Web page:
If you find yourself in an area affected by flooding follow the advice of local authorities. Avoid walking or travelling through floodwaters or near unstable slopes and take additional health precautions such as boiling all drinking water.

Travelling to a region prone to severe weather

Before you travel

  • Register your travel and contact details with us.
  • Ensure you have comprehensive travel insurance.
  • Subscribe to the travel advice for your destination to receive free email updates each time it is reissued.

When you arrive

  • Locate the nearest Australian Embassy, High Commission or Consulate. Carry local emergency and embassy phone numbers in your wallet and programmed into your phone.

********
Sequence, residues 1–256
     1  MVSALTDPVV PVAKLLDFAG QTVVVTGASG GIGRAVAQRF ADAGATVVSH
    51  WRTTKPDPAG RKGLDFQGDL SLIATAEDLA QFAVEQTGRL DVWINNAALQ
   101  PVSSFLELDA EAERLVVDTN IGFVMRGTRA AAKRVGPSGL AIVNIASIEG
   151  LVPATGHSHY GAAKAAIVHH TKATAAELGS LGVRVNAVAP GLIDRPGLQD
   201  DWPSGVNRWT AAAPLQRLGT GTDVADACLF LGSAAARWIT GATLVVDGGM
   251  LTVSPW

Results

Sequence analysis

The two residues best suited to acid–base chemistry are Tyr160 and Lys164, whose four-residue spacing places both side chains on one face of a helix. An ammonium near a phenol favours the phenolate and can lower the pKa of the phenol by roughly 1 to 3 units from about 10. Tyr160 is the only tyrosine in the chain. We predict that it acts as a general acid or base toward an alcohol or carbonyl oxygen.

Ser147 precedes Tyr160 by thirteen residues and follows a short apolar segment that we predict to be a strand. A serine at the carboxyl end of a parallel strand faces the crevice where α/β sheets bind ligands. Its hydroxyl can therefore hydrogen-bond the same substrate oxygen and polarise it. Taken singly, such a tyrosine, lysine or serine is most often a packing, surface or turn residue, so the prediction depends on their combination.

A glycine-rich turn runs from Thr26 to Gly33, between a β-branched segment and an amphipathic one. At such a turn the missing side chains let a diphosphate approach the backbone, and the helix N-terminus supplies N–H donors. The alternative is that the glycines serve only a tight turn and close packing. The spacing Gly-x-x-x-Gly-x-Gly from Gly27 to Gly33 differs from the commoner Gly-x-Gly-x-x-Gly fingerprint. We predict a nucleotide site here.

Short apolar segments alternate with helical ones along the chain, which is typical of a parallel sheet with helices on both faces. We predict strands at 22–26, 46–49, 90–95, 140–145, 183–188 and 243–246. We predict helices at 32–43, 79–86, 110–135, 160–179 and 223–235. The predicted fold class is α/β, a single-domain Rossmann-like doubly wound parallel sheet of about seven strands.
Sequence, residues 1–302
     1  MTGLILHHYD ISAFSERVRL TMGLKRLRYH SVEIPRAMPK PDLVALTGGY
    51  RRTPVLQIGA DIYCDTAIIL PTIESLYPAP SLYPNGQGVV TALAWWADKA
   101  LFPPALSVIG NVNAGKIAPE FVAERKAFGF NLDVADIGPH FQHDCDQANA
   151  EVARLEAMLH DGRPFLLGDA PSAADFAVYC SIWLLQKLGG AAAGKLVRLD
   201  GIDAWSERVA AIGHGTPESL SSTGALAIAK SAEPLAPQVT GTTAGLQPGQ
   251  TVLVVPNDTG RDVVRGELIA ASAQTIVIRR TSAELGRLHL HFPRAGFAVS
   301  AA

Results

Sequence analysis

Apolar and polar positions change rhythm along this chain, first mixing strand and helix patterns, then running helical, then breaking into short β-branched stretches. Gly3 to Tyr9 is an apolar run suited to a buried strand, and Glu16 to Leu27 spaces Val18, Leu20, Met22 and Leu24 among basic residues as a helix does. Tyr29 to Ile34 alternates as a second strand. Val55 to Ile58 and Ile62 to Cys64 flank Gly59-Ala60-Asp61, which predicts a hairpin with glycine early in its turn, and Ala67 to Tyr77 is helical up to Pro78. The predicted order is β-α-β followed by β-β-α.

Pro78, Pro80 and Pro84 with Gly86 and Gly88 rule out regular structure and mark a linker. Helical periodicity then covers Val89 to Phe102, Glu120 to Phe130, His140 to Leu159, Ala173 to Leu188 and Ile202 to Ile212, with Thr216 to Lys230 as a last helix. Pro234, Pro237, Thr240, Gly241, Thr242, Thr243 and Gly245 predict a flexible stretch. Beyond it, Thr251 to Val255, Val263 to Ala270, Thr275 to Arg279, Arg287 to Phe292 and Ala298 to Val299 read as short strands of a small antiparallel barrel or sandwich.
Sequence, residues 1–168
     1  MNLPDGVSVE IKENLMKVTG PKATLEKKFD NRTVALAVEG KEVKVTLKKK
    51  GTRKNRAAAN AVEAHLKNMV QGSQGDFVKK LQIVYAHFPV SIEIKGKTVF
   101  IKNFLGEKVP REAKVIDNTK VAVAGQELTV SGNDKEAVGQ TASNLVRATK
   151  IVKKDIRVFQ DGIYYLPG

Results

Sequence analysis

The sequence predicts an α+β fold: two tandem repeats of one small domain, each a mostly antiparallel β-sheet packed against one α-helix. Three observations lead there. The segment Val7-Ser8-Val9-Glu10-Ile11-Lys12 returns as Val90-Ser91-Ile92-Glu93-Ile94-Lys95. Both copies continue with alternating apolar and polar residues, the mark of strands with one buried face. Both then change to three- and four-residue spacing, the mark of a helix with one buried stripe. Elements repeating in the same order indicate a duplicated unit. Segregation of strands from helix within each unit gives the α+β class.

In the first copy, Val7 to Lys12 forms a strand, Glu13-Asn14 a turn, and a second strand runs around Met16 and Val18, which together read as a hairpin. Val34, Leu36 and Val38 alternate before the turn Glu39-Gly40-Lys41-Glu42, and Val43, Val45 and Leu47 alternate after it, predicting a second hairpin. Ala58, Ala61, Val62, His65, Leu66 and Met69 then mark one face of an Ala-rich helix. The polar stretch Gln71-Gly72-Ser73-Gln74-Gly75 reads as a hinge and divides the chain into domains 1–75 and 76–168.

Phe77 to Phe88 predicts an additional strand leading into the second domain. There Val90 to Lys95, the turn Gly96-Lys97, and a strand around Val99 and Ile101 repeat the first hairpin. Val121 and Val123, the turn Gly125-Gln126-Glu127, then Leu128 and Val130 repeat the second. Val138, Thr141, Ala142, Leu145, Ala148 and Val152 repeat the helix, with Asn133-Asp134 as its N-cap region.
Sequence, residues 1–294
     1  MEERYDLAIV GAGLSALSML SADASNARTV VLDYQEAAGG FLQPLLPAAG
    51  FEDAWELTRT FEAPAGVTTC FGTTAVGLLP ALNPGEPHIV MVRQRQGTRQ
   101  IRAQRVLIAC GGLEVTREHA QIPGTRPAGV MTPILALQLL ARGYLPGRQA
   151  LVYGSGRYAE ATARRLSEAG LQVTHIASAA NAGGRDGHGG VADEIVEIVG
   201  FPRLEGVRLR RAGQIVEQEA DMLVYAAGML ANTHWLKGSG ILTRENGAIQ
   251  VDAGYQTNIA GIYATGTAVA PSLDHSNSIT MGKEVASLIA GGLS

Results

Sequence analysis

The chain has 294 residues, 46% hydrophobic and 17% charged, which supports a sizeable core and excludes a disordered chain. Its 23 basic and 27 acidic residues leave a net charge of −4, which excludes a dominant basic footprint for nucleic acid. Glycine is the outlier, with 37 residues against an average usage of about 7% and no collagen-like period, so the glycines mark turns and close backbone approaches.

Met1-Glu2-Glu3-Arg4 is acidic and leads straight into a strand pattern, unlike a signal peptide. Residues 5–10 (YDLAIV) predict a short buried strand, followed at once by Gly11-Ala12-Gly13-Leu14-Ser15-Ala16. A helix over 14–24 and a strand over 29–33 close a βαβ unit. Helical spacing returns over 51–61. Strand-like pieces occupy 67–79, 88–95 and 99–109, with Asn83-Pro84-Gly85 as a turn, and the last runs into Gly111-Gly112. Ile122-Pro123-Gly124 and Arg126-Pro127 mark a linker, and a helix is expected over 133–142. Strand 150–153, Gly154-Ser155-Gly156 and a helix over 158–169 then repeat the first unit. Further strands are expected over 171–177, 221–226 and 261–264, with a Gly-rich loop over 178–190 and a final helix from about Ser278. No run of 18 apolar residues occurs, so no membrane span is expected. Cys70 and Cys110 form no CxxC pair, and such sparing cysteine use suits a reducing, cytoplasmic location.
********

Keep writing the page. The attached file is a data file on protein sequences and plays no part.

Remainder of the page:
• Familiarise yourself with local hotel or other advice on what to do in the event of a natural disaster.

While you're there

If you are travelling to a storm-prone region during cyclone season, we recommend you have with you a supply of bottled water, some non-perishable food items, a basic first-aid kit, a battery-operated radio and a torch. Carry your travel documents at all times (i.e. passport, photo identification, etc.) or secure them in a safe, waterproof location.

How to reach us

In a consular emergency, if you are unable to contact an embassy or high commission you can contact the 24-hour Consular Emergency Centre on +61 2 6261 3305 or 1300 555 135 within Australia.

In Australia, the Department of Foreign Affairs and Trade in Canberra may be contacted on (02) 6261 3305.